Fertility Preservation for Testicular Cancer Patients
MADISON - Like a lot of couples, Matt and Correen Boyer really wanted to have a baby.
But their prospects appeared to be in serious jeopardy when the testicular cancer that doctors at the UW Paul P. Carbone Comprehensive Cancer Center had diagnosed in Matt in 2006 cropped up again last October. Matt's oncologist recommended chemotherapy immediately.
But Dan Williams, MD, a UW Health urologist and male fertility specialist who'd been involved in Matt's care, suggested he wait a few days.
"He told me to come down and give a sample," says Boyer, a 32-year-old UPS driver who lives in Baraboo. Unfortunately, Matt's sample proved to be sperm-free.
"I was crushed," recalls Boyer. "But Dr. Williams said he had another option."
Matt was scheduled to begin chemotherapy at 10 the following morning at his clinic in Baraboo. Williams and his staff arrived at 7am to perform an emergent sperm extraction directly from Matt's testicle. They were able to obtain and freeze eleven vials.
"Knowing that I had that in the bank is what got me through my cancer," says Matt, who's now cancer-free following chemotherapy. "It was a great start to my treatment, a great motivator."
Testicular Cancer Can Affect Fertility
Williams has made it his mission to make sure every man who faces a testicular cancer diagnosis gets the same opportunity Boyer did.
Williams led a recent research study that showed testicular cancer affects sperm quality, and he believes that men should take a few days to consider how to preserve their fertility before launching into chemotherapy or radiation.
"Because of advances in treatment, young men of reproductive age who get testicular cancer have excellent survival rates," says Williams. "Because of this, it's very important for us to also focus on quality of life after treatment."
For Williams, that discussion begins by offering sperm cryopreservation before treatment begins.
Williams' own research shows there's good reason to do so. Leading a team of researchers in California and Texas, Williams examined semen analyses from more than 400 men with several different types of cancer. All chose to bank their sperm before undergoing treatment.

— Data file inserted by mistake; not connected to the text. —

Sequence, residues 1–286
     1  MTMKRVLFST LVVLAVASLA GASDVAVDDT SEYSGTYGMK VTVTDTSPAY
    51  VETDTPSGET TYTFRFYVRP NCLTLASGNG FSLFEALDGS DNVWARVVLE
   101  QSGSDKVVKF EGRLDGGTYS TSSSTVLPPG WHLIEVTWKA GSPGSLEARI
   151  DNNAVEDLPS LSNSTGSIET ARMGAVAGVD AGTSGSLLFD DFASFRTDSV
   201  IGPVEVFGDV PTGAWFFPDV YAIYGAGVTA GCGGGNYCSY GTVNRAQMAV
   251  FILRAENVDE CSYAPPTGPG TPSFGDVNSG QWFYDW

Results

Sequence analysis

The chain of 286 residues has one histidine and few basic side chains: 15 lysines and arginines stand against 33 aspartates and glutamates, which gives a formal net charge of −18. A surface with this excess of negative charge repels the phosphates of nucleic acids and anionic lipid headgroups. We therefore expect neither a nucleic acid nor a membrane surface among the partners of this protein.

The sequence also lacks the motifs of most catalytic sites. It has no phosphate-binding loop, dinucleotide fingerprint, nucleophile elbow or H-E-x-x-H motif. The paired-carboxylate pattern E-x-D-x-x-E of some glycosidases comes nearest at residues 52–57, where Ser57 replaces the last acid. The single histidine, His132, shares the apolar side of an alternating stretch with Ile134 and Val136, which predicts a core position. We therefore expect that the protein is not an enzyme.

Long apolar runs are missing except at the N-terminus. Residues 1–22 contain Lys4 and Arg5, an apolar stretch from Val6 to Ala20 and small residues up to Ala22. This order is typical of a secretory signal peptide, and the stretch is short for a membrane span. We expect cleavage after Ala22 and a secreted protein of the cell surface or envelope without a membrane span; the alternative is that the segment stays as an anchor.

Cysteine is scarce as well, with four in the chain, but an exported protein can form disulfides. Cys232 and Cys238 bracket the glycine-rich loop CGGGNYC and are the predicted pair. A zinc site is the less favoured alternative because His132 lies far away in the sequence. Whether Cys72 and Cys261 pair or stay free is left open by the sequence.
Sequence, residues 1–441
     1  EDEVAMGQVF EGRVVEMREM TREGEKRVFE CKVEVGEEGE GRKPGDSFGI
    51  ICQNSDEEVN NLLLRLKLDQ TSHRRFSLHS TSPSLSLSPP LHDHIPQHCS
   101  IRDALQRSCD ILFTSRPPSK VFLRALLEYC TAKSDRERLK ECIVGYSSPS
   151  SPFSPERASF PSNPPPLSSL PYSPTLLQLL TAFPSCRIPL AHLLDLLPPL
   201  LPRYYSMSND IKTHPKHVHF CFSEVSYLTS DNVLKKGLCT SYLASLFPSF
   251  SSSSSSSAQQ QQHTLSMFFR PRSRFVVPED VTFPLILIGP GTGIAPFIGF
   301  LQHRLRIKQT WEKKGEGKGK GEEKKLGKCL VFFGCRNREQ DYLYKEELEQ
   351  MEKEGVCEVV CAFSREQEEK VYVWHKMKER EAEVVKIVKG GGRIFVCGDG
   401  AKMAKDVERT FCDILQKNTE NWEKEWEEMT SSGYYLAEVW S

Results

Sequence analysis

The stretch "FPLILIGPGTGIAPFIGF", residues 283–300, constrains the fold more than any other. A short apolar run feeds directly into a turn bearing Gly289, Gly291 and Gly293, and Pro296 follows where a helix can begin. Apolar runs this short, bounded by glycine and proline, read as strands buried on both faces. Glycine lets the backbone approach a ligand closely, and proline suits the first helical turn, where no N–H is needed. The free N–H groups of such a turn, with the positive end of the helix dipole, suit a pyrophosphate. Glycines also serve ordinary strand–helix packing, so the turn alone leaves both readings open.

The results showed that men with non-testicular cancer generally had normal sperm counts and motility. The samples of men with testicular cancer, however, showed something quite different.
"What we found was that young men with testicular cancer are still making sperm, their sperm counts were significantly lower than men with other types of cancers," says Williams.
Cancer Treatments Can Make Matters Worse
On top of having lower sperm counts to begin with, cancer treatments can make fertility matters worse.
According to Williams, about 10-15 percent of men who undergo chemotherapy and/or radiation treatment will have their ability to make sperm wiped out completely?and it's impossible to predict which patients will have their sperm permanently damaged by treatment.
There's also the question of the quality of sperm after chemotherapy and radiation.
"Are the sperm normal, or have they been damaged?" asks Williams. "Are there any increased risks of birth abnormalities after cancer treatments? There's no research that measures this, particularly in the era of advanced reproductive techniques."
Only a few sperm are required to fertilize an egg. Sperm banking options have expanded so that even men with low sperm counts can bank their sperm, although most options involve a fee of several hundred dollars plus a monthly storage fee.
Fertility Preservation Should Be Critical Part of Cancer Care
Williams believes that a discussion of fertility preservation should be a critical component of cancer care. In some situations, he says, oncologists are often and understandably focused on beginning cancer treatment immediately.
"While patients are obviously overwhelmed by a cancer diagnosis and many are quite ill at the time of diagnosis, I encourage them to let the information about fertility preservation sink in." says Williams, who notes that two to three days are usually enough time to obtain good samples for banking.
"Once patients are able to focus on their long-term treatment strategies, they're really appreciative that we've discussed this."
Daniel Mulkerin, MD, a medical oncologist with the UW Carbone Comprehensive Cancer Center, believes Williams' approach is a good one.
"If we?re truly going to be comprehensive about cancer treatment, it's important that all doctors and oncologists talk to their patients and each other about this issue," he says.
Meanwhile, Matt and Correen couldn't be happier to have the opportunity to become parents.
"Initially, I didn't think I could handle it. But now, on the other side of it all, I'm really glad Dr, Williams went the extra mile."
Date Published: 04/28/2009